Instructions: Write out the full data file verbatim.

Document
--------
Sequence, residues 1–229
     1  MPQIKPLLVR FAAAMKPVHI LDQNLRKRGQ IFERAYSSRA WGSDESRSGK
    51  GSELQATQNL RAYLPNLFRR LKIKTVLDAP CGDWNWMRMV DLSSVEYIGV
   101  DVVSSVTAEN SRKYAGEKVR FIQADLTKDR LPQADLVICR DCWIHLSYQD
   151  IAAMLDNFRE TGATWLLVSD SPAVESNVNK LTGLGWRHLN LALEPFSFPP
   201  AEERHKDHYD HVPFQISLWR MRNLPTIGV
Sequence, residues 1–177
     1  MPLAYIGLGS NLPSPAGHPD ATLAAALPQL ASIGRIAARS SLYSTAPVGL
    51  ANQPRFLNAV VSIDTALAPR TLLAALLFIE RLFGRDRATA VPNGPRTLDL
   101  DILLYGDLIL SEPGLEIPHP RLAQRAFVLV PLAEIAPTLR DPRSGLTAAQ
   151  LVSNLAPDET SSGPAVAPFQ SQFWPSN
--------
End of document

Sequence, residues 1–229
     1  MPQIKPLLVR FAAAMKPVHI LDQNLRKRGQ IFERAYSSRA WGSDESRSGK
    51  GSELQATQNL RAYLPNLFRR LKIKTVLDAP CGDWNWMRMV DLSSVEYIGV
   101  DVVSSVTAEN SRKYAGEKVR FIQADLTKDR LPQADLVICR DCWIHLSYQD
   151  IAAMLDNFRE TGATWLLVSD SPAVESNVNK LTGLGWRHLN LALEPFSFPP
   201  AEERHKDHYD HVPFQISLWR MRNLPTIGV
Sequence, residues 1–177
     1  MPLAYIGLGS NLPSPAGHPD ATLAAALPQL ASIGRIAARS SLYSTAPVGL
    51  ANQPRFLNAV VSIDTALAPR TLLAALLFIE RLFGRDRATA VPNGPRTLDL
   101  DILLYGDLIL SEPGLEIPHP RLAQRAFVLV PLAEIAPTLR DPRSGLTAAQ
   151  LVSNLAPDET SSGPAVAPFQ SQFWPSN